Research carried out by the laboratory of renowned PV scientist Michael Grätzel looked at the effect of light on two of the most common processes for perovskite film deposition, finding that controlling the presence of light had significant effects on the formation of perovskite crystals in both methods.
The research, published by PhD student Amita Ummadisingu, uses microscopic techniques to examine the effect of direct light on crystal formation in layered perovskite deposition.
In the first process, known as sequential deposition, lead iodide is deposited onto a titanium dioxide scaffold, then dipped to make the final solution of methylammonium lead iodide perovskite. With this method, research showed formation of perovskite was accelerated when light is present.
The second process, whereby a precursor solution is coated onto a spinning flat base, and then an anti-solvent is dripped on, and the sample is heated to form the perovskite, exhibited better results in dark conditions.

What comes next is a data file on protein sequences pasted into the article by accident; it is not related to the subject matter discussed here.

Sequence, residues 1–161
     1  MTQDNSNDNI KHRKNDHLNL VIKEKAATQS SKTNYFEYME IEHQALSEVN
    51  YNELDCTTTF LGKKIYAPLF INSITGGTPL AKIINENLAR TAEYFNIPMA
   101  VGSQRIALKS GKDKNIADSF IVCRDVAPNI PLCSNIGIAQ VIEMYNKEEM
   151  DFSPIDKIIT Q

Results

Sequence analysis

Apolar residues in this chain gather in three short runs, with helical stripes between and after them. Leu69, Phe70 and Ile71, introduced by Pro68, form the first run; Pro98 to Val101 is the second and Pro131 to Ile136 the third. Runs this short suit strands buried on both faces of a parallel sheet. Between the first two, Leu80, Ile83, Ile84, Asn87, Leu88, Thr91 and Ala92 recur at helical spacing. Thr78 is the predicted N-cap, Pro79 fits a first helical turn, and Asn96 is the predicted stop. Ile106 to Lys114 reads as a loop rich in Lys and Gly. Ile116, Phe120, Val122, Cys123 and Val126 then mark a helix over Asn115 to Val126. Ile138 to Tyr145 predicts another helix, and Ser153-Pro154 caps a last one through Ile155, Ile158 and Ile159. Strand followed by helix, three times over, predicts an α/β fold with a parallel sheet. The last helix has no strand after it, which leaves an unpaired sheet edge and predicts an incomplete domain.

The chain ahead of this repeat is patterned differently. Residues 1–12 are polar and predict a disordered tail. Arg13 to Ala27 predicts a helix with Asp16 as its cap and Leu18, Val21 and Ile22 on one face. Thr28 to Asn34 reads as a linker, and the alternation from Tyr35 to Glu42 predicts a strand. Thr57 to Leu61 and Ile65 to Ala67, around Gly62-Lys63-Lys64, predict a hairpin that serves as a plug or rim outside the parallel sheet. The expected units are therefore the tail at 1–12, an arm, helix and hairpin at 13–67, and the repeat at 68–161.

“Surprisingly and strikingly we find that light strongly affects the rate of formation and the morphology of perovskites in conventional methods used, where no light effects have been remarked before,” says Michael Grätzel.
“Light is a major factor in the deposition methods for many perovskite composition methods, adds Amita Ummadisingu. “Awareness and control of the light effect is crucial, and should always be considered when preparing perovskite films for applications such as solar cells, LEDs etc.”
Much of the previous research into perovskite solar cells has focused on boosting efficiency through optimizing cell architecture and production processes. While several companies and institutes are working on commercial applications for the material, but have been slowed by issues with durability and reliability in the cells. By improving understanding of the reactions used in perovskite formation, says EPFL, this latest research can assist in improving reproducibility, and scaling up perovskite production.